There are so many elements balanced in your simple piece – childhood fear and wonder, heroism and loyalty, the safety and the terror of one’s own bed. Do you spend a lot of time thinking about achieving desired balances or effects, or do you just construct “story narrative platforms” instinctively? What can you tell us about your process?
I try hard not to think! When I do try to think about such things explicitly, it all goes wrong. I don't have a process as such. What usually happens is that at some point, usually late at night, often after listening to music for a long time, I have an idea, and I make a quick sketch on a piece of paper to remember. These quick sketches are very rough and probably totally incomprehensible to others. At some other time, when I have time to spare, I go through these sketches, find one that seems like it's worth the effort, and finish it.
Have you been approached by Hollywood about obtaining film rights to your other artworks?
Can you share with us your preferred tools when creating your artworks?
I usually draw with a mechanical pencil on plain paper. When I want more detail, I may use larger Bristol paper. I then scan it and do the coloring on the computer using a Wacom pen.
There is an ongoing rash of movies “updating” classic fairy tales that all seem to fail by losing all sense of childhood as adult themes are added to the mix. Do you think the “Rock” might succeed in creating a gem like “Time Bandits” amidst the current mishmash affairs like “Snow White and the Huntsman?”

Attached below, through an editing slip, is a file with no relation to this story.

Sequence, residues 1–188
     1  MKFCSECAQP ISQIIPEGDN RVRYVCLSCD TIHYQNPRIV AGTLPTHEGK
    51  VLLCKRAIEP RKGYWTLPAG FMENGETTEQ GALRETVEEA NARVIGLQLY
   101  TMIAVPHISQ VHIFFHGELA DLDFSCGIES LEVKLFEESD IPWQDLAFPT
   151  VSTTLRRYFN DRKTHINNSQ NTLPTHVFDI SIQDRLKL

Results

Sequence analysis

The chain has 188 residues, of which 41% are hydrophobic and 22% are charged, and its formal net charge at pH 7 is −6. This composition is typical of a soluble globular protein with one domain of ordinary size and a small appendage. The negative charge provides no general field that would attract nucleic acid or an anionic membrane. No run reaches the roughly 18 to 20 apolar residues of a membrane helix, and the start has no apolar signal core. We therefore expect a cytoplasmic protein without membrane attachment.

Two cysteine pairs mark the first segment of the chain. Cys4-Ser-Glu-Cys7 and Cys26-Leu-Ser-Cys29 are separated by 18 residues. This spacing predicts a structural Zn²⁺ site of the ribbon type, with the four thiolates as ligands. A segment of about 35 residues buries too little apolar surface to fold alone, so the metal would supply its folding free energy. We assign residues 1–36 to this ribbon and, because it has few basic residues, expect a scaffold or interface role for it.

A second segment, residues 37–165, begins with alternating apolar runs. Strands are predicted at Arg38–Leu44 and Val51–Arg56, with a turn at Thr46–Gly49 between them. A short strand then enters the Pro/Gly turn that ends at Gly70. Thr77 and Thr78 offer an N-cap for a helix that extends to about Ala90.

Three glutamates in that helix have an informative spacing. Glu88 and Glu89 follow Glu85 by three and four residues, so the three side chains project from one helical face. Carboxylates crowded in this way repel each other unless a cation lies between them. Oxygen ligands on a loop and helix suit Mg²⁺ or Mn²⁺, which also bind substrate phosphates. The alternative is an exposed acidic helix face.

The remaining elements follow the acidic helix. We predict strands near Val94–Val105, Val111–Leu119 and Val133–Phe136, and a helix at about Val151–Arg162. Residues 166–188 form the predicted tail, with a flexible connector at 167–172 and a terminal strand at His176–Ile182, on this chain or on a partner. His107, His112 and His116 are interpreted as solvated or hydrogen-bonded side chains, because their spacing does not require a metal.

I don't really know much about the movie. I will not be part of the creative process, but I certainly hope the end result will be enjoyable. I don't think that adult themes are necessarily a bad thing in a child story. I think that the problem is that in many recent movies revisiting fairy tales, the adult themes are simplistic and inserted in a forceful and explicit way. On the other hand, many good child stories have real underlying adult themes, without losing their magic.
Questionsfor the reader
Is there a particular artwork, or an artist’s work in general, in which you notice this “moment from an unwritten story” phenomenon?
Have you ever been intrigued enough by a “narrative moment” artwork on dA to ask the artist in a comment to tell the rest of the story? Would you like to do that?
Do you think the Hollywood studio trend in seeking more imaginative narratives in dA’s “unwritten stories” will increase?
Is this because audiences in the Internet age in general are demanding more full spectrum or multifaceted platforms for their narrative entertainment?